These considerations seem to be valid not only for WCS but for all
the data access services (e.g. WCS, WFS and WMS). They conform to a
resource-oriented approach and can be implemented in a RESTful
architecture with "minimal" modifications of existing specifications.
Besides, the RESTful implementation might be easily adopted by data
providers, since it should be based on well-known technologies.

The case of WPS and WCTS seems to be different. In fact, they don't
define a uniform interface for the many operations they should
support; on the contrary, they introduce a uniform interface to
receive a message which contains specific operation requests. In this
case we should use the POST method as the extension point for
interaction with HTTP based services which create new addressable
resources (a sort of ending point in the SOA view). In such a way we
should have the advantages of pervasive and scalable data provision
(through the RESTful implementation) and modular and composable
processing (through the service-oriented architecture).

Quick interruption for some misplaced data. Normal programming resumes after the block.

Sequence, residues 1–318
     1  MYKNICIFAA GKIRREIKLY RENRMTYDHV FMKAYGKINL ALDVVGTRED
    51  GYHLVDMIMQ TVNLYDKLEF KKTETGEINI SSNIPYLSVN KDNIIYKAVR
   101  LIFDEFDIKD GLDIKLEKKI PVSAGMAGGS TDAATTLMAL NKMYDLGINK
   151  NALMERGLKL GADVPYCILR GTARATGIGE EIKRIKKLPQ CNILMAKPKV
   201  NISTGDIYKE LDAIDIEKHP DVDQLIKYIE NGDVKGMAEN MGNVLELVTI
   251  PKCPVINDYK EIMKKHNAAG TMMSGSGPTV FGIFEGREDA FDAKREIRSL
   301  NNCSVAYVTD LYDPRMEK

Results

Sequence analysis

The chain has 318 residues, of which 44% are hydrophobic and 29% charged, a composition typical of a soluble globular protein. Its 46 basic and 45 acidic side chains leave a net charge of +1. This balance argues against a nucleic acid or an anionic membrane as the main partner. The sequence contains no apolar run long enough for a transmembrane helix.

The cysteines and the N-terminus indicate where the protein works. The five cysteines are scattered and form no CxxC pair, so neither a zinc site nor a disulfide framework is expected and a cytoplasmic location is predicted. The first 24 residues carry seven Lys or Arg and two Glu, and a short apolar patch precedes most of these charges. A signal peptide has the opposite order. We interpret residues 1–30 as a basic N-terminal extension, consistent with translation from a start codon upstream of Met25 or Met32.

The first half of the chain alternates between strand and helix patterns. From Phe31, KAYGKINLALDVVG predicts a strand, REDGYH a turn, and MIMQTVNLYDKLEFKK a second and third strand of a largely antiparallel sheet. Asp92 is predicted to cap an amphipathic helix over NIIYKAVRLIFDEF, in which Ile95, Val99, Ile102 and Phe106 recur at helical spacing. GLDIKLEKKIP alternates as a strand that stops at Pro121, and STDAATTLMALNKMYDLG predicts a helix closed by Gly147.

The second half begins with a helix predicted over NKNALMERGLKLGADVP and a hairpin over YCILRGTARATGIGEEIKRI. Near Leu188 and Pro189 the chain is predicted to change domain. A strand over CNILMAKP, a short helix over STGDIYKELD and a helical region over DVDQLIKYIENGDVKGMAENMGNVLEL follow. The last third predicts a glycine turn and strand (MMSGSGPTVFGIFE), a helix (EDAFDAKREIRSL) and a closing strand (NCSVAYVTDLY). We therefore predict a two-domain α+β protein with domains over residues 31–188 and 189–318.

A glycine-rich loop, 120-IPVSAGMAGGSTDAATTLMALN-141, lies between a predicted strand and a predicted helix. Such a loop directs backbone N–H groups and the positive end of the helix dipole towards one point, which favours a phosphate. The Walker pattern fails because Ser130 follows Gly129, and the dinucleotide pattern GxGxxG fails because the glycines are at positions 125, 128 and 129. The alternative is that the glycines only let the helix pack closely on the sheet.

Some possible conclusions:

A RESTful implementation is valuable for scalability and
extensibility (derived by the REST architectural style) as well as
for simplicity (the implementation is simple since it is based on
well-known technology and only simple operations must be supported server-side)

The RESTful implementation seems feasible for data access services
because they are typically resource-based.

The RESTful architecture must interact with a Service-oriented
architecture for basic and advanced processing. XML and HTTP are the
key technologies for bridging.

Thank you for your patience,

Stefano and Paolo

Dr Jon Blower              Tel: +44 118 378 5213 (direct line)
Technical Director         Tel: +44 118 378 8741 (ESSC)
Reading e-Science Centre   Fax: +44 118 378 6413
ESSC                       Email: jdb@xxxxxxxxxxxxxxxxxxxx
University of Reading
3 Earley Gate
Reading RG6 6AL, UK

  • 2007 messages navigation, sorted by:
    1. Thread
    2. Subject
    3. Author
    4. Date
    5. ↑ Table Of Contents
  • Search the wcsplus archives: